Council Votes to Ban People at Children's Pool During Seal Pupping Season

Now the California Coastal Commission will weigh in next. Staff there is supporting the prohibition.

Children's Pool in La Jolla may be closed to humans during seal pupping season, according to a new ban approved by the San Diego City Council today. The California Coastal Commission still needs to sign off on it. Patch file photo.
Children's Pool in La Jolla may be closed to humans during seal pupping season, according to a new ban approved by the San Diego City Council today. The California Coastal Commission still needs to sign off on it. Patch file photo.

City News Service

The San Diego City Council voted 6-3 today to prohibit people from venturing down to the beach at the Children's Pool during harbor seal pupping season.

The new regulation, if given final approval by the California Coastal Commission, would be far more restrictive than the current rope barrier, which is designed to discourage beachgoers from disturbing marine mammals at the scenic La Jolla facility.

The Children's Pool was deeded to the city in the 1930s to be a safe swimming spot for youngsters. However, the seals began to take over the area in the 1990s, creating a standoff between beach-access advocates and supporters of animal rights.

Clashes between the two sides have been common, and backers of the seals contend the animals have been abused at times. Morris Dye, of the city's Development Services Department, told the council members that this is the next step in protecting the seals as a coastal resource.

The new regulation would bar people from using the Children's Pool from Dec. 15 to May 15 each year, when the seals are giving birth and weaning their young. Dye said staff plans to install a chain across the stairway to the

Councilwoman Marti Emerald said the Children's Pool is no longer just an issue of concern to residents of La Jolla.

“It has become abundantly clear over the years this is a regional issue,” Emerald said. “This tiny piece of beach with these harbor seals has become a regional treasure, and based upon some testimony from a gentleman who was here earlier, talking about how he and his wife vacationed here, it's apparently become a national treasure, as well.”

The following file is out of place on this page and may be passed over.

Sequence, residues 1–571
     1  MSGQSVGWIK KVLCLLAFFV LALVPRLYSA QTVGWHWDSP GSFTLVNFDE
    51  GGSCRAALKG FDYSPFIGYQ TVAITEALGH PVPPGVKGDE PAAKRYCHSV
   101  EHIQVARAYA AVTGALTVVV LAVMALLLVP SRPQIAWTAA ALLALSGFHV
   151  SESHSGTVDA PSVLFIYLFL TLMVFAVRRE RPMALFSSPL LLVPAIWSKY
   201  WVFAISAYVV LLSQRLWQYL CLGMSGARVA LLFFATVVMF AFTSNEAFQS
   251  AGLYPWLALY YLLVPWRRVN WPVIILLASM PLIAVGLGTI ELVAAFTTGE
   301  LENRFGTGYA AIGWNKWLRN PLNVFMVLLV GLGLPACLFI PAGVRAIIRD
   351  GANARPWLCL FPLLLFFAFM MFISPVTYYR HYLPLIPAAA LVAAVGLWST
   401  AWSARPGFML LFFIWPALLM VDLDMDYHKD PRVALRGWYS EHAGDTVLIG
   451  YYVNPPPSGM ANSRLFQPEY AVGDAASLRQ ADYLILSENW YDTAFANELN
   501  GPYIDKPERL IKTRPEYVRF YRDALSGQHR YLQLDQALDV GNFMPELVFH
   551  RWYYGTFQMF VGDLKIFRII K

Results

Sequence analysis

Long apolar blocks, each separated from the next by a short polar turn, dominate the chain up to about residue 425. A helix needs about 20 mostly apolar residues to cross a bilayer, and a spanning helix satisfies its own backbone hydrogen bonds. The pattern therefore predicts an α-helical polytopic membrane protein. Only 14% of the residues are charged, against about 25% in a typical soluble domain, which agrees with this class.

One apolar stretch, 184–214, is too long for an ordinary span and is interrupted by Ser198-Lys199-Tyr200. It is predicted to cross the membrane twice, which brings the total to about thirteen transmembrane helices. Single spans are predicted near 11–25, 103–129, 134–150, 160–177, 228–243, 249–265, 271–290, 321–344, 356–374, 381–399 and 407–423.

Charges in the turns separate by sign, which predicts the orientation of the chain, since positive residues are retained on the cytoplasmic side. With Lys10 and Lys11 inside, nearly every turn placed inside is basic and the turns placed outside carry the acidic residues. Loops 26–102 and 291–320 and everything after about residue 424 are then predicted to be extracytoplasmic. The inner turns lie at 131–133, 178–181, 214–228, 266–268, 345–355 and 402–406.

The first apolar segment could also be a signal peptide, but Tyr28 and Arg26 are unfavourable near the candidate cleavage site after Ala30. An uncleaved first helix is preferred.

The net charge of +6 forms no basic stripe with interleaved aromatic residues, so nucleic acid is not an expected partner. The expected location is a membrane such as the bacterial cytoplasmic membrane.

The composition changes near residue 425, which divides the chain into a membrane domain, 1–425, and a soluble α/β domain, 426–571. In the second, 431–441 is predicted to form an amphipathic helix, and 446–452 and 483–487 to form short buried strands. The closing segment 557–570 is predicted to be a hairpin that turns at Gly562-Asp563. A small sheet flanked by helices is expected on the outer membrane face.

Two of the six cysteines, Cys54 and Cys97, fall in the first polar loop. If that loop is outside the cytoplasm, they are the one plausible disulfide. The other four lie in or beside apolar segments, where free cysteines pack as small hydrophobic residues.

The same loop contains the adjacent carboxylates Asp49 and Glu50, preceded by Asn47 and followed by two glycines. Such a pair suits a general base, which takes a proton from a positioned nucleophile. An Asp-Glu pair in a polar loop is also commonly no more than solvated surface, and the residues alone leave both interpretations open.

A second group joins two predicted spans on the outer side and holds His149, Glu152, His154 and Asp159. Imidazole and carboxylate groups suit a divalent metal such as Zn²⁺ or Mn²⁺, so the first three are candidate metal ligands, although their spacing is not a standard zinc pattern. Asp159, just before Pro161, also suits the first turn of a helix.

Councilmen Mark Kersey and Scott Sherman voted to oppose the plan, which was bitterly fought by Councilwoman Sherri Lightner, who represents La Jolla. She cast the third dissenting vote.

“I'm concerned that we are drawing a line in the sand we do not need,” Lightner said. “I shudder to think about the chilling precedent the suggested action sets and the effect it will have on public, physical access guaranteed by the Coastal Act.”

The Coastal Act was passed by the state Legislature in 1976 to require beach access in land-use decisions.

Lightner's motion to reject the staff recommendation was voted down, and several amendments she offered were not accepted.

The La Jolla Community Planning Association voted 9-6-1 at a meeting in January to reject the proposed ban. Area residents have never supported a seasonal beach closure, Lightner said.

Several members of the audience said the seal population is exploding, and that they are not a threatened or endangered species. Supporters of the closure, however, said harbor seals require a sandy beach during pupping season, and cannot make use of nearby rocks like sea lions can.

Dye said the Coastal Commission could take up the issue at a meeting in August. Commission staff supports the seasonal beach closure, he said.

If approved by the commission at that time, the chain would be installed in time for the Dec. 15 closure, according to Dye.

The meeting attracted a capacity audience in the Council Chamber. One woman was ejected by police, on the orders of Interim Mayor Todd Gloria, for disrupting the proceedings.

Debbie Terry February 25, 2014 at 10:27 AM
Your choice of words in your headline are more appropriate for an editorial than a headline. Why not "Council Votes to Protect Seals".
Penny Arévalo February 25, 2014 at 05:39 PM
Thanks for asking. It was taken from the lead paragraph of the wire story. The governmental action is a ban. You may call it protection, but the method of that protection is a prohibition. That's the legal action taken. Make sense?
Brian Ginna February 28, 2014 at 11:02 AM
Makes total sense Penny. Those that would take our rights do not want the narrative to reflect the fact that they did what they did. It is inconvenient.


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